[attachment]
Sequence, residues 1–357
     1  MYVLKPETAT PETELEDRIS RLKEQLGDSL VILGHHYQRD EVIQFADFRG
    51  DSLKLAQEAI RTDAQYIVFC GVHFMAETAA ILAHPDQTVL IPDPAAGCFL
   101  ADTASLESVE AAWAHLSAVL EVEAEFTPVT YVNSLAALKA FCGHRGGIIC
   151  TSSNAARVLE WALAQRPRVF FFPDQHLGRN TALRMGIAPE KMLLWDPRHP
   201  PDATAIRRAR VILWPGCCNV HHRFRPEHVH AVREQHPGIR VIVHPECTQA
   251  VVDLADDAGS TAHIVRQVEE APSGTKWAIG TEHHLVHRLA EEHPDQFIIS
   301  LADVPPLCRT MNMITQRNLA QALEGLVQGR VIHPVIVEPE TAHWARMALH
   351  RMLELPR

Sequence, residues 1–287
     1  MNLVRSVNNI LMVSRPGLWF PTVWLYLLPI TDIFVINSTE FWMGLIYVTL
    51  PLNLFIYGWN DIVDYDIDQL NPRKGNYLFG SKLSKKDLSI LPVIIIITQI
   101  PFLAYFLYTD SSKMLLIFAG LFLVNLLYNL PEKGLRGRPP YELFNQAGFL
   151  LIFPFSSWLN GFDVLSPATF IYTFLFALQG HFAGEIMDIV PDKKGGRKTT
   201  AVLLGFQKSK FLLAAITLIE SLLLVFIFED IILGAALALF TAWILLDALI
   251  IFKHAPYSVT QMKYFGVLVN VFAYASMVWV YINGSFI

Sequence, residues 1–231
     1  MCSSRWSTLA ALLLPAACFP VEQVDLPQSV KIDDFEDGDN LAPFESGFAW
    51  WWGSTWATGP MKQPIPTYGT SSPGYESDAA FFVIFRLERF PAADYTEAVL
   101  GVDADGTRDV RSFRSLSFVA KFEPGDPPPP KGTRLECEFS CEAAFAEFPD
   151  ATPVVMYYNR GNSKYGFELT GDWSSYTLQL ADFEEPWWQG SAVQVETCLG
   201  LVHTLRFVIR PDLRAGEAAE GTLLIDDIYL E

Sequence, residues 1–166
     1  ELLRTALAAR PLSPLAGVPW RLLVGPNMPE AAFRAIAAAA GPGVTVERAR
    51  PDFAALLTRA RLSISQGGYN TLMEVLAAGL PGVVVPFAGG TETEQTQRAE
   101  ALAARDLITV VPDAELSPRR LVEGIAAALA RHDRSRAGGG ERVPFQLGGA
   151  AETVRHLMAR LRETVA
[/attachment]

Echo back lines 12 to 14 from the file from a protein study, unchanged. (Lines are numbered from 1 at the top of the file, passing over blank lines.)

    51  PLNLFIYGWN DIVDYDIDQL NPRKGNYLFG SKLSKKDLSI LPVIIIITQI
   101  PFLAYFLYTD SSKMLLIFAG LFLVNLLYNL PEKGLRGRPP YELFNQAGFL
   151  LIFPFSSWLN GFDVLSPATF IYTFLFALQG HFAGEIMDIV PDKKGGRKTT